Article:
LONDON (Reuters) - Retail sales jumped in July even as prices rose at their fastest rate in a decade, official figures showed on Thursday, calling into question the scale and speed of the consumer slowdown.
The Office for National Statistics said sales volumes rose by 0.8 percent last month, wrongfooting analysts who had forecast a 0.3 percent decline.
“Despite an intensifying squeeze on household budgets, the UK consumer is down but by no means out,” said Geoffrey Dicks, economist at RBS.
The pound vaulted higher and interest rate futures fell as investors scaled back bets on imminent interest rate cuts from the Bank of England.
Still, the volatility of the sales figures of late left analysts reluctant to read too much into one month’s release.
Surveys of business and consumer sentiment have painted a consistently gloomy picture, but official data have varied wildly, with a record 3.9 percent rise in May followed by a record 4.3 percent fall in June.
“This number warrants caution in its interpretation,” said Alan Clarke, economist at BNP Paribas. “We have to look through short term volatility.”
Sales were 2.1 percent higher on the year, the lowest rate since February 2006 but still stronger than surveys from groups such as the British Retail Consortium and the Confederation of British Industry.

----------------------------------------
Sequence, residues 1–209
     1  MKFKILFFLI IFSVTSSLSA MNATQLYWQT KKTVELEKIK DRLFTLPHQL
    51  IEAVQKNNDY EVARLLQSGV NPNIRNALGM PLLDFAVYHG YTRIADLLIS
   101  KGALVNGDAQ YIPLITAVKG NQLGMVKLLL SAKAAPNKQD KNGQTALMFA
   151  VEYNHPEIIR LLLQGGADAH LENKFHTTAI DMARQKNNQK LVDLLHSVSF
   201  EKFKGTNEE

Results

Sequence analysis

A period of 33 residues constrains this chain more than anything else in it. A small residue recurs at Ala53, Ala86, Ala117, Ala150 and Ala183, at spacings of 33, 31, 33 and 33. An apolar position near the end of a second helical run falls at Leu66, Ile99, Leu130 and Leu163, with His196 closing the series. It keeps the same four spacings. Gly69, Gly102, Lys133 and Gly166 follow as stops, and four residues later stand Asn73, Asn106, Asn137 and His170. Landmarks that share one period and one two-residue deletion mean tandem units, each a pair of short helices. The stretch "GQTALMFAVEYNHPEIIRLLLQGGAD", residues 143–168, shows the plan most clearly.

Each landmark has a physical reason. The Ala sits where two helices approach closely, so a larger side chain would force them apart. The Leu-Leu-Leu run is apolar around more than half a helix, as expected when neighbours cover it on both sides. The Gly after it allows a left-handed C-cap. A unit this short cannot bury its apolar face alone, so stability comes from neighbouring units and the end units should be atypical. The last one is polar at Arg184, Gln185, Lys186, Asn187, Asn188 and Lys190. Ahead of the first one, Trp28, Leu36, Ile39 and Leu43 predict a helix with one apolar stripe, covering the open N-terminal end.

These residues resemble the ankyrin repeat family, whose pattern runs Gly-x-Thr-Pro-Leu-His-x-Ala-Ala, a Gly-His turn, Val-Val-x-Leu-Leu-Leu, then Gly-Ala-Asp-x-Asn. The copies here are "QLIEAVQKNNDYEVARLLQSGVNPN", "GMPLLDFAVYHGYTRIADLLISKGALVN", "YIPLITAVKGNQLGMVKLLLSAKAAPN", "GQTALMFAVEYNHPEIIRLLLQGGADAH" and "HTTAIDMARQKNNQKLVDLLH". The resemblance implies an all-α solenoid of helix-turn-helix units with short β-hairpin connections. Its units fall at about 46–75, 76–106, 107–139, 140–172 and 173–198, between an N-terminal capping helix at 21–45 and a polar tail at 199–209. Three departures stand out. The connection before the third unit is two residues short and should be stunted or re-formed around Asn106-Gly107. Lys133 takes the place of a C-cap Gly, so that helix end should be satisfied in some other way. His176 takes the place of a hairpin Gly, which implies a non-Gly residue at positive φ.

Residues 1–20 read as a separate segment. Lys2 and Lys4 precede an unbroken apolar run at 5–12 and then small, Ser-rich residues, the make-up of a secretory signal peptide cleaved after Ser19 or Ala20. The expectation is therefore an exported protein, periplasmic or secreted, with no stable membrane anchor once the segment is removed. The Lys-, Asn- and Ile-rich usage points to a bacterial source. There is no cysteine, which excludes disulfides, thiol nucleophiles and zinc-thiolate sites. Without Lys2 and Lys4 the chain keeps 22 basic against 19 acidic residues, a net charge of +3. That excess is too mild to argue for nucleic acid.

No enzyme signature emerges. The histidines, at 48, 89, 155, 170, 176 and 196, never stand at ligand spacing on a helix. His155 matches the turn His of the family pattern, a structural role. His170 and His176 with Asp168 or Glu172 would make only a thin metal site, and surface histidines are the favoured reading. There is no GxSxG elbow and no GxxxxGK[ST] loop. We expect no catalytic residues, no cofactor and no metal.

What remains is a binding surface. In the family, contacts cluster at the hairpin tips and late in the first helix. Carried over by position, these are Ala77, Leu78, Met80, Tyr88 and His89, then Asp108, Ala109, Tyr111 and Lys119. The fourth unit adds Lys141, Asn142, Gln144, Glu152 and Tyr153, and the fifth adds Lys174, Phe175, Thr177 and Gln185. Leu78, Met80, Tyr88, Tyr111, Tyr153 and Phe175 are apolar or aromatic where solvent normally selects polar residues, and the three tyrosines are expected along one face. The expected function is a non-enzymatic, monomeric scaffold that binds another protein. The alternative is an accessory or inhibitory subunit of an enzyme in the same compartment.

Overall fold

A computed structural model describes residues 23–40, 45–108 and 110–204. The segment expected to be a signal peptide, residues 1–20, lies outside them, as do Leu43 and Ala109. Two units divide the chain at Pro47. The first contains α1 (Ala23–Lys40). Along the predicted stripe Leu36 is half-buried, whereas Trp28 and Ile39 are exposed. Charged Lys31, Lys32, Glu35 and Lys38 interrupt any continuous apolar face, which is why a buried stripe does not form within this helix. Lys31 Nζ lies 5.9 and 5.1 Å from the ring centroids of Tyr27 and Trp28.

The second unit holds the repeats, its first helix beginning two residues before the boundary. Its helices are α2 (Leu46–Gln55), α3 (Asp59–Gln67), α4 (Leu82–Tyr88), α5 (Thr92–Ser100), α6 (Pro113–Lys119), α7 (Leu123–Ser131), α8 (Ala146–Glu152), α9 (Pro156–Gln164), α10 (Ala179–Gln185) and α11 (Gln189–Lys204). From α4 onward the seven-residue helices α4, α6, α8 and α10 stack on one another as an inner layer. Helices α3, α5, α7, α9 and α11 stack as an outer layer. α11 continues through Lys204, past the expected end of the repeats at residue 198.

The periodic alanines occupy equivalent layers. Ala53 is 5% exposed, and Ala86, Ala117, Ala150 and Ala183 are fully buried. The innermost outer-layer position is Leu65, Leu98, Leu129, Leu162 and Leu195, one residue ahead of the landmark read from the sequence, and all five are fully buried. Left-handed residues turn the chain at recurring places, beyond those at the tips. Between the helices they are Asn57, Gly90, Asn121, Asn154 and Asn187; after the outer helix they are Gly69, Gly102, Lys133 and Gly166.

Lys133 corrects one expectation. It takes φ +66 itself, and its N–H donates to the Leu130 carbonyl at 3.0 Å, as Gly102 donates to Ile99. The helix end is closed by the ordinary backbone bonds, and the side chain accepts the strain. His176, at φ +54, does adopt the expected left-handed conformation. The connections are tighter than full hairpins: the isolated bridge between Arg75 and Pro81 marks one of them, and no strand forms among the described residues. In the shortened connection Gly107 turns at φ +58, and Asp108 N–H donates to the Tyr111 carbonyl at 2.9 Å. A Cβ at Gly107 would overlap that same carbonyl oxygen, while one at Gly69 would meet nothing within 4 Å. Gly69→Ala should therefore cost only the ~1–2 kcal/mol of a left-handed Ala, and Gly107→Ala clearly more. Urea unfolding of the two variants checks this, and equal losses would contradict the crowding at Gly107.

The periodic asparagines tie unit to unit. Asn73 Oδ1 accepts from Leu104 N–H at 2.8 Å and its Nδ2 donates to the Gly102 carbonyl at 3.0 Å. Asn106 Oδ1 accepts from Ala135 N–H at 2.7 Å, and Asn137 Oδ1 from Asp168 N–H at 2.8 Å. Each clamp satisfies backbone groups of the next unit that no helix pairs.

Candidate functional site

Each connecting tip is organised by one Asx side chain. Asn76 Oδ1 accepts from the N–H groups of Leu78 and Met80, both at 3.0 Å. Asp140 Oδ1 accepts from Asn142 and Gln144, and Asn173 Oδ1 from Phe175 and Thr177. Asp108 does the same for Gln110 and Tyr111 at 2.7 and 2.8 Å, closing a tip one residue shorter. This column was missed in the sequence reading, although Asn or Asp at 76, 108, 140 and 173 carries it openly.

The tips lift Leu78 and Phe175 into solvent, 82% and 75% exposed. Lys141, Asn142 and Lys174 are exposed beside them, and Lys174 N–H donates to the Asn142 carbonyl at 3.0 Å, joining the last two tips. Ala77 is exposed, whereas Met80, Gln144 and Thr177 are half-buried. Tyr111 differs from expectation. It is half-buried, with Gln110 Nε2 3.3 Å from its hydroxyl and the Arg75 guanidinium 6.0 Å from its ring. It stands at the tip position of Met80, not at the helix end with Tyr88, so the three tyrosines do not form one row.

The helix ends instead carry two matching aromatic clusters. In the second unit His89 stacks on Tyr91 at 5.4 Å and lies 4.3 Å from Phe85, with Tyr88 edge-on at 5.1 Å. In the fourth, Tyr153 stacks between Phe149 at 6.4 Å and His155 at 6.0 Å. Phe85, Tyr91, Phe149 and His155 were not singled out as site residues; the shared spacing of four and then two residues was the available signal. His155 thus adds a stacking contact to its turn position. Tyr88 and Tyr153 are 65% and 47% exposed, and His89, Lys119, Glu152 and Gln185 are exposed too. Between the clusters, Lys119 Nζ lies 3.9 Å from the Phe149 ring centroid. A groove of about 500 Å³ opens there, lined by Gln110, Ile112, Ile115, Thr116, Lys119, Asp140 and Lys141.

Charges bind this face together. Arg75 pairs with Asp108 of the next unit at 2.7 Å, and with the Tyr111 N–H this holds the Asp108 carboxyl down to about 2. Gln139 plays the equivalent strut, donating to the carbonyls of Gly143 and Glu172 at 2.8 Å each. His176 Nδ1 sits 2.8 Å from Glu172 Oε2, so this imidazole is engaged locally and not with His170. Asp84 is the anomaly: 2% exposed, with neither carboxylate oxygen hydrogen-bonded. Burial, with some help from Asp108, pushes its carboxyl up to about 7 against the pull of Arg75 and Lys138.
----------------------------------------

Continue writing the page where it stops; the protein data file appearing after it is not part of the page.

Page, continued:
One reason for the disparity could be the strong rise in online shopping, which is captured more fully in the official data.
Capgemini’s e-retail sales index showed online retail sales rose by 11.3 percent in the month of July to 4.8 billion pounds, the equivalent of 79 pounds for every person in Britain.
The statistics office noted discount food stores and cheaper product lines had been doing particularly well, probably as consumers change their behaviour in response to soaring food and fuel prices.
This tallies with research from data group Nielsen which showed low-cost supermarket chains Asda and Wm Morrison outperformed their peers with quarterly sales growth up more than 8 percent in the 12 weeks to mid-August.
Retail sales growth on the month was broad-based with household goods, clothing and footwear, and other stores all reporting gains.
The gains came despite strong prices rises, particularly in the food sector. Overall retail prices were on average 1.6 percent higher than a year ago, the biggest jump since May 1998. Food inflation surged to 6.2 percent — its fastest increase since March 1992.
Analysts expect the next rate move from the Bank of England to be down. But with inflation running at more than double the Bank’s 2 percent target, most are not expecting a cut until November at the earliest.
There was more bad news on the inflation front on Thursday as energy provider E.ON said it would increase its gas prices for residential customers by 26 percent from this week.
Other providers have already announced stiff price increases in response to higher wholesale prices.